Metroid: Zero Mission (2004)
This one was a long time coming, and I honestly can’t believe it took me this long to finally play through a Metroid game. Thanks to Metroid Dread coming out this year, I got tired of feeling left out in the cold and decided it was high time to play through Metroid. Little did I know that the famous Zero Suit Samus was from Zero Mission and Zero Mission was a remake of the original NES Metroid with some better graphics and added stuff to make the game feel more fully featured. I only learned this because of a info graphic online that gave the timeline and what games fell where in that time, and once I saw that I could feasibly go through the whole game series, I had my quest in my sights and was ready to begin.
I have tried to get into the Metroid series several times, I played the original a few times but never got more than a handful of minutes into it before becoming bored and frustrated by how different it was than what I was expecting. When I was younger, my friend Andrew would gush over Super Metroid, and when it came to the Wii U, I decided to try it again and see if I could get interested in it; but sadly I dropped it after only about an hour and a half. Needless to say, my experience with the Metroid series is long and storied, but there has always been something compelling about it, enough for me to finally sit down and play through it fully.
Metroid: Zero Mission has Samus retelling her first real mission about landing on Planet Zebes and encountering the Metroid species, along with Space Pirates as well. Having the game presented in Game Boy Advance graphics, a minor step down from Super Nintendo, it really helped get me into the game more, as when playing the original Metroid, it always bugged me how lame Samus looked in the original 8-Bit presentation. And while I can always look past older graphics, since 8-Bit is the generation I grew up with, it doesn’t look quite that great, especially with the limited color palette.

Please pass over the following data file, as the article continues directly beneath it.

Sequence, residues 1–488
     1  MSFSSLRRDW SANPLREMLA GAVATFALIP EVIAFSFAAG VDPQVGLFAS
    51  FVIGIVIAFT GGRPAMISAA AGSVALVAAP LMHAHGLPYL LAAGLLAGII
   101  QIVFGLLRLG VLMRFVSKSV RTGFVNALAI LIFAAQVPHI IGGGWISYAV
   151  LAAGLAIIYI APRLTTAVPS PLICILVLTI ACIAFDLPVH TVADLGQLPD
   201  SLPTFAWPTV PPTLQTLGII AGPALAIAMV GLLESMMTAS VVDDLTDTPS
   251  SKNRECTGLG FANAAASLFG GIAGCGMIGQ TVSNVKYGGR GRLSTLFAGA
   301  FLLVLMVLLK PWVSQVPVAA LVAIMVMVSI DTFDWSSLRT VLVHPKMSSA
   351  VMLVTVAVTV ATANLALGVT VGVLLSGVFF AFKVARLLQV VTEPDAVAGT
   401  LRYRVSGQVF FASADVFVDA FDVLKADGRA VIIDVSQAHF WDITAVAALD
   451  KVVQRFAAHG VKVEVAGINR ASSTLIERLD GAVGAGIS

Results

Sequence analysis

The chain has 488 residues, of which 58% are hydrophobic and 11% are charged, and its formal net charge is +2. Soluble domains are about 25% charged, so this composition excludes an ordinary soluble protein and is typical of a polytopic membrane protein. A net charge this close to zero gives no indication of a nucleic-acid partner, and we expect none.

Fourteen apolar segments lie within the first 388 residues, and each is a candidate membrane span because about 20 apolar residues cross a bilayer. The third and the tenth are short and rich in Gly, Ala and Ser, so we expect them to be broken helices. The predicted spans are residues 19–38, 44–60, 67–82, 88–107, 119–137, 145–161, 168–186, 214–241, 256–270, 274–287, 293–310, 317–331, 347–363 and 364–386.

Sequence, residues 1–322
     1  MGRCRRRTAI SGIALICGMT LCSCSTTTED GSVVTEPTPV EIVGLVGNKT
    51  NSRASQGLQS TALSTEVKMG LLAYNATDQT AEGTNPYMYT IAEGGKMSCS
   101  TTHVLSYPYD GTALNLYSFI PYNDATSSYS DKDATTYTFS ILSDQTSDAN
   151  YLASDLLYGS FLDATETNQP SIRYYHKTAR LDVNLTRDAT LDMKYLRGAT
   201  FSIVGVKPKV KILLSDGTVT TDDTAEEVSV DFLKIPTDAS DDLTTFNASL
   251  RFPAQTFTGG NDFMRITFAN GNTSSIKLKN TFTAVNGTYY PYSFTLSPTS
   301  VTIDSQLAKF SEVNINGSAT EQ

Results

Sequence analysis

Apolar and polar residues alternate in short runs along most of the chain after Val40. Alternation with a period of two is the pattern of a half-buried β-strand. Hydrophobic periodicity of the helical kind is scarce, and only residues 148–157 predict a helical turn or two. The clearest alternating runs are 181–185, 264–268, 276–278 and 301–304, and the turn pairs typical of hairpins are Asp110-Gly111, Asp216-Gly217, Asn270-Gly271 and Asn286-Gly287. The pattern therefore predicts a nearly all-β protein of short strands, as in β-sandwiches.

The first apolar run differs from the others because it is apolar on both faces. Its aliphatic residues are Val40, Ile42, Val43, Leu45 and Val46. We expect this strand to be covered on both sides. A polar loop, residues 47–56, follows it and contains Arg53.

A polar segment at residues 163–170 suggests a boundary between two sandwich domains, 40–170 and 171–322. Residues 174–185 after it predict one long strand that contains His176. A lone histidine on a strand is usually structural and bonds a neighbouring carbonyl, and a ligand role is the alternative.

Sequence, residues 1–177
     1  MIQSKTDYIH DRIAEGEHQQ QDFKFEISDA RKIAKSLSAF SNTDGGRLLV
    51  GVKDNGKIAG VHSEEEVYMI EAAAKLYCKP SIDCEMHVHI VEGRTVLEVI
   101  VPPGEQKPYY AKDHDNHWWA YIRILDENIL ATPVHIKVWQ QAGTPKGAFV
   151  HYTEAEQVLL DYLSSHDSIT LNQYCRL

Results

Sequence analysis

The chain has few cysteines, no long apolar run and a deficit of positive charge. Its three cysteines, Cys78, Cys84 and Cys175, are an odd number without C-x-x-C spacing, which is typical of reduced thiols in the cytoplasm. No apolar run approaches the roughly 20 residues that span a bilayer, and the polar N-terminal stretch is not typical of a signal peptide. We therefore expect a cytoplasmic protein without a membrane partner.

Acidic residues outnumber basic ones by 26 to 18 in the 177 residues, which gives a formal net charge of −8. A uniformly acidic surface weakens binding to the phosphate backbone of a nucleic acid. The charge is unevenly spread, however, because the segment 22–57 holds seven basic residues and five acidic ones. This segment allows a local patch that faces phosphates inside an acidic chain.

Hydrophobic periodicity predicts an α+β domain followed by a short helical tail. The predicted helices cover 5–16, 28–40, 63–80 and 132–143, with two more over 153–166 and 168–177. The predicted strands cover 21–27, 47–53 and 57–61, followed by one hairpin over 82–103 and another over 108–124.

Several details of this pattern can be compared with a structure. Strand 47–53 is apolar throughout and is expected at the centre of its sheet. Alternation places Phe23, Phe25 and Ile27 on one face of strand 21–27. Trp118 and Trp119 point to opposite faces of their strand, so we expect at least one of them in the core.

I will say that knowing the Metroid series was going to feature a lot of backtracking through places I’ve been before wasn’t as bad as I was fearing. It’s something that I learned last year, when playing through the Prince of Persia Trilogy, that I always made backtracking in games bigger in my mind than it really is. Metroid Zero Mission does a great job of keeping the traversal of sections limited to a couple of times going back and forth. Usually only if you want to go for a 100% run is backtracking semi-tedious.
The map provided with the new GBA release is not only a welcome addition, but again something that without it, I don’t know if I would have been able to complete. One of my biggest fantasies with games is the fact that I wish I could have a massive Indiana Jones gaming journal/notebook of sorts. Being able to chronicle my progress as I go through a game, but having to map out the entire game on my own seems like something that I would have never done as a kid, and having zero knowledge that is something that needs to be done has made getting into the series so hard for me over the years.